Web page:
Media Coverage


2007

By signing Kyoto Protocol, Rudd has set a binding target

By signing Kyoto Protocol, Rudd has set a binding target

Marilyn Shepherd, Kensington, SA Climate alternative Noting that Kyoto failed to include the quarter of emissions from deforestation in its controls, Sven Wunder and Frances Seymour reported that at Bali and beyond, fixing this is high on the UN agenda ("Seeing REDD to save the forests and the planet", December 14, p23). Apparently it’s difficult to come up with effective mechanisms to prevent forest destruction. Those developing nations just don’t seem to value their carbon sinks like we do.


Evidence of progress emerges at Bali talks

Evidence of progress emerges at Bali talks

Environmentalists said the plan to protect forests was a good start, but some had reservations about its implementation. Frances Seymour, director for the Center for International Forestry Research, a nonprofit U.S. group, voiced concern that the system was vulnerable to corruption and could be undermined by a growing demand for biofuels. Global demand for palm oil, a popular biofuel, has increased sharply in recent years and has led to the widespread clearing of tropical forests to make way for palm plantations.


Bali: hay que detener la deforestación de África

Bali: hay que detener la deforestación de África

La deforestación es responsable de la emisión anual de 1.600 millones de toneladas de carbono, lo que representa a nivel mundial una quinta parte de la cantidad total, y dos veces más que la aportación de la combinación total de los sectores mundiales de la energía y el transporte intensivo, según el Centro Internacional para la Investigación Forestal (CIFOR, en sus siglas inglesas) con sede en Indonesia.



In Bali, new incentive for developing nations to curb emissions

In Bali, new incentive for developing nations to curb emissions

The bottom line: Developing countries could pocket from $2.3 billion to $23 billion a year from avoiding deforestation under REDD, according to Frances Seymour, director general of the Center for International Forestry Research (CIFOR) in Jakarta, Indonesia. The range reflects different assumptions about the price of carbon on international markets and on the expanse of forest involved. And as talks on crafting a framework for negotiating a successor to the Kyoto Protocol wind down here, REDD looks as though it will be incorporated into that framework, analysts here say.


AFRICA: Tackling deforestation is critical

AFRICA: Tackling deforestation is critical

Deforestation is responsible for 1.6 billion tonnes of carbon emissions every year, amounting to one-fifth of the global total, and to more than the combined total contributed by the world’s energy-intensive transport sectors, according to the Indonesia-based Centre for International Forestry Research (CIFOR).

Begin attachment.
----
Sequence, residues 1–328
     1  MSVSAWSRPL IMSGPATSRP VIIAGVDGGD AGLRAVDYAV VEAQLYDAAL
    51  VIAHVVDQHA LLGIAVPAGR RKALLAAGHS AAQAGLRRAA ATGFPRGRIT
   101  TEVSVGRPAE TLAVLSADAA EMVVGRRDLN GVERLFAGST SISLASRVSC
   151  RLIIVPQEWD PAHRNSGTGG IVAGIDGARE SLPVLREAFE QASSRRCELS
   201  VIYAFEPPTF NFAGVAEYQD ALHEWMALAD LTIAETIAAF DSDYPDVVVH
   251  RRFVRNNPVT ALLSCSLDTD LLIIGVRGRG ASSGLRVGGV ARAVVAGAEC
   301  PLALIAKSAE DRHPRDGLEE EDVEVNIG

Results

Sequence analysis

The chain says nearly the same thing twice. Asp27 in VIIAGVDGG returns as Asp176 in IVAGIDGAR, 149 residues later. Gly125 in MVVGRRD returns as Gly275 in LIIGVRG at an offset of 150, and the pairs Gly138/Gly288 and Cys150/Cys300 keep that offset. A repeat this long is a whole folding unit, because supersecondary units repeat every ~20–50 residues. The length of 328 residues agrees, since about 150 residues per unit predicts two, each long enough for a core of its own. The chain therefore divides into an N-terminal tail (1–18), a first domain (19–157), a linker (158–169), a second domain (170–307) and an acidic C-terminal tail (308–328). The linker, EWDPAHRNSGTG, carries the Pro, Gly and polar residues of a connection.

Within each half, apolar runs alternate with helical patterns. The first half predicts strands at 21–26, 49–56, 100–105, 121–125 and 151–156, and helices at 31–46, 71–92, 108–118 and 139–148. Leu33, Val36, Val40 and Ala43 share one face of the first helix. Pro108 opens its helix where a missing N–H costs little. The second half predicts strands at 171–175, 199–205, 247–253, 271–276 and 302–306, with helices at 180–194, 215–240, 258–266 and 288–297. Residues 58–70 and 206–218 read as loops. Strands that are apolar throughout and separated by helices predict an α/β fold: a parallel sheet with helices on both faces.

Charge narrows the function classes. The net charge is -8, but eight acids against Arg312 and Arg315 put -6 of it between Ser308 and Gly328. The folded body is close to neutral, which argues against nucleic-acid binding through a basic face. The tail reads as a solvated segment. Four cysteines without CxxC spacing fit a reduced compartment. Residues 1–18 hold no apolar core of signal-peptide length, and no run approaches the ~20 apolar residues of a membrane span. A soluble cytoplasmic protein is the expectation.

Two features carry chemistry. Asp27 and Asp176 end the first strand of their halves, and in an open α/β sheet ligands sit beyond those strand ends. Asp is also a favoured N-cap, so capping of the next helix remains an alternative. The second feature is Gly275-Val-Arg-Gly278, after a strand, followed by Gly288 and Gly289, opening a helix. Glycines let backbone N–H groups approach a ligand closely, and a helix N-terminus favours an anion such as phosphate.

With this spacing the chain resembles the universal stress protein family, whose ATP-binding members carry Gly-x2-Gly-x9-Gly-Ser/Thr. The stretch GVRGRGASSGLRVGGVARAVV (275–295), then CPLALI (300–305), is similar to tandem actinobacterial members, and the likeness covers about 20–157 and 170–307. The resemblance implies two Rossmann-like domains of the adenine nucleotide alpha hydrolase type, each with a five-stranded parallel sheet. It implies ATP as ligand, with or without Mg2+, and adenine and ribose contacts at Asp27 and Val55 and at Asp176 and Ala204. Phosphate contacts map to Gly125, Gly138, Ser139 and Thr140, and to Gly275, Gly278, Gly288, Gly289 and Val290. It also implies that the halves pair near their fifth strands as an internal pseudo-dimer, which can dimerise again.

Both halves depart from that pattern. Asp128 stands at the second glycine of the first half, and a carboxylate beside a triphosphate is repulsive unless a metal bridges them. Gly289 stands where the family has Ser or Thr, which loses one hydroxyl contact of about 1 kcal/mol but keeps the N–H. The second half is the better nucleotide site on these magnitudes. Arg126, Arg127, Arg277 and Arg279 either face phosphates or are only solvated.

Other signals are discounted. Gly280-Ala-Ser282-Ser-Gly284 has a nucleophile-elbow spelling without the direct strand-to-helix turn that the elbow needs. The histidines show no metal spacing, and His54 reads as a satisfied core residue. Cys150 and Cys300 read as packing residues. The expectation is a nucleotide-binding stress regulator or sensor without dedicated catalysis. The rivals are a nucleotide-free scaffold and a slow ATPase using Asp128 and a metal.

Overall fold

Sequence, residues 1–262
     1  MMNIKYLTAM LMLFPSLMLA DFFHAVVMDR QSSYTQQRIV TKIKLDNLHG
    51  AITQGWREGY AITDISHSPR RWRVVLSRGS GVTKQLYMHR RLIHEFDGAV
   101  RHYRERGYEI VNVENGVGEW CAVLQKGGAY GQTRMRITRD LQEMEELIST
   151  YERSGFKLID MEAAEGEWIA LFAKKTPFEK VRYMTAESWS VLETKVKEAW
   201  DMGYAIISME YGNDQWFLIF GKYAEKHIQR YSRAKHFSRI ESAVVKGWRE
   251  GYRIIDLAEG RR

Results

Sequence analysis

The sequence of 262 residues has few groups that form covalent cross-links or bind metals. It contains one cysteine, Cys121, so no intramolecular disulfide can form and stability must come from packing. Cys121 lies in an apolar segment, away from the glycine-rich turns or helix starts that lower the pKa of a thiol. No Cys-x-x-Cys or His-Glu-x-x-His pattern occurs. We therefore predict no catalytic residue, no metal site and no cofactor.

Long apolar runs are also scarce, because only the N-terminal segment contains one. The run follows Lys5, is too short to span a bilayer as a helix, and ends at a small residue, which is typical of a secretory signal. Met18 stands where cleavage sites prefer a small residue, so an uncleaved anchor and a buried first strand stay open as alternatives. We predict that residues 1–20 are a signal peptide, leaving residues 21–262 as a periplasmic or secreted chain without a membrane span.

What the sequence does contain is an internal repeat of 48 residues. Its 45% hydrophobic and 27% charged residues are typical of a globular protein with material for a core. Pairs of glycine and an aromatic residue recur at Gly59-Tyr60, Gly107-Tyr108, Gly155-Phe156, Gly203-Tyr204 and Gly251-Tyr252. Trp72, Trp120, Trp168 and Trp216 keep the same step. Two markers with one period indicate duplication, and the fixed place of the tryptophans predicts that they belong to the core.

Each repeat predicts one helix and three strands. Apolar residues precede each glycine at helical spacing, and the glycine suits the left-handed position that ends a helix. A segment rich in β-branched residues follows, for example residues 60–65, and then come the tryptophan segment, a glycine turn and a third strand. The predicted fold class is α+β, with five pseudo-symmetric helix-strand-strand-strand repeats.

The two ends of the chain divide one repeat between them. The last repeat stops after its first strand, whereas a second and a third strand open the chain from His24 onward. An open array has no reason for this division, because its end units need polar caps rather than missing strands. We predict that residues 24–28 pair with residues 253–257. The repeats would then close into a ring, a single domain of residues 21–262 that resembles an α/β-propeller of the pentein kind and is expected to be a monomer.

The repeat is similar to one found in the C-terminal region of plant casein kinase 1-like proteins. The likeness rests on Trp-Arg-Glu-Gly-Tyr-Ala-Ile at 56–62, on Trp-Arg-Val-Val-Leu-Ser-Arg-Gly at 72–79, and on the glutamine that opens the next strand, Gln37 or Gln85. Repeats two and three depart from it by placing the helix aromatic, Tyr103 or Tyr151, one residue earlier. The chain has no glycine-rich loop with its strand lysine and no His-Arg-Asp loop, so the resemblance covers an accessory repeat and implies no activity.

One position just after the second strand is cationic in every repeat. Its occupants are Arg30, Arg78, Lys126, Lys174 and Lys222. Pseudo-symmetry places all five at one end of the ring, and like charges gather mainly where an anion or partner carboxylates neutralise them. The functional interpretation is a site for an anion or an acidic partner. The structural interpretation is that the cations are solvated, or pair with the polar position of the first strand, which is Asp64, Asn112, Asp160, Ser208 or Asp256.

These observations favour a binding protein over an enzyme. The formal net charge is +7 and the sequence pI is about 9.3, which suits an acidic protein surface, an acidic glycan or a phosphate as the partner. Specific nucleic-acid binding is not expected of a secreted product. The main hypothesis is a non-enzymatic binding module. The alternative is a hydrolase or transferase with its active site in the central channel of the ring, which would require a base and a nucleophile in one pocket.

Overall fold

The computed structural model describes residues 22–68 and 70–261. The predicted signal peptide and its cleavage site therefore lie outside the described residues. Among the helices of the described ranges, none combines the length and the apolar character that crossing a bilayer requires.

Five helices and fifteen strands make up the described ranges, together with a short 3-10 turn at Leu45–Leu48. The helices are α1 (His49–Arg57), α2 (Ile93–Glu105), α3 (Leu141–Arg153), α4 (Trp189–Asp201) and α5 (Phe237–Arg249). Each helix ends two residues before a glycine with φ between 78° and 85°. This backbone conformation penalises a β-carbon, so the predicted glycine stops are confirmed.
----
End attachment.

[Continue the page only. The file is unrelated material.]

Similar version of the article also appeared in UN Integrated Regional Information Networks (IRIN) and All Africa com.


Rainforest protection plan takes shape

Rainforest protection plan takes shape

Environmentalists said the plan to protect forests was a good start, but some had reservations about its implementation. Frances Seymour, director for the Center for International Forestry Research, a nonprofit U.S. group, voiced concern that the system was vulnerable to corruption and could be undermined by a growing demand for biofuels. Global demand for palm oil, a popular biofuel, has increased sharply in recent years and has led to the widespread clearing of tropical forests to make way for palm plantations.


Après Bali, la forêt aura un prix. >

Après Bali, la forêt aura un prix. >

"C’est une excellente nouvelle pour la deuxième période d’engagement du protocole de Kyoto en 2012. Mais la protection de la forêt est aussi indispensable à la biodiversité, à la vie des populations qui en dépendent et à leur intégrité culturelle" souligne Frances Seymour, directrice du Centre international pour la recherche forestière, basée en Indonésie. "Les forêts ont obtenu ici des incitations financières et l’attention politique. Le problème dans ce scénario est de veiller au respect des droits des communautés indigènes: qui va les rémunérer si elles veulent protéger leur forêt mais que leurs droits de propriété ne sont pas reconnus", demande-t-elle.
Similar version of the article also appeared in AFP, L’Expansion and La Depeche.



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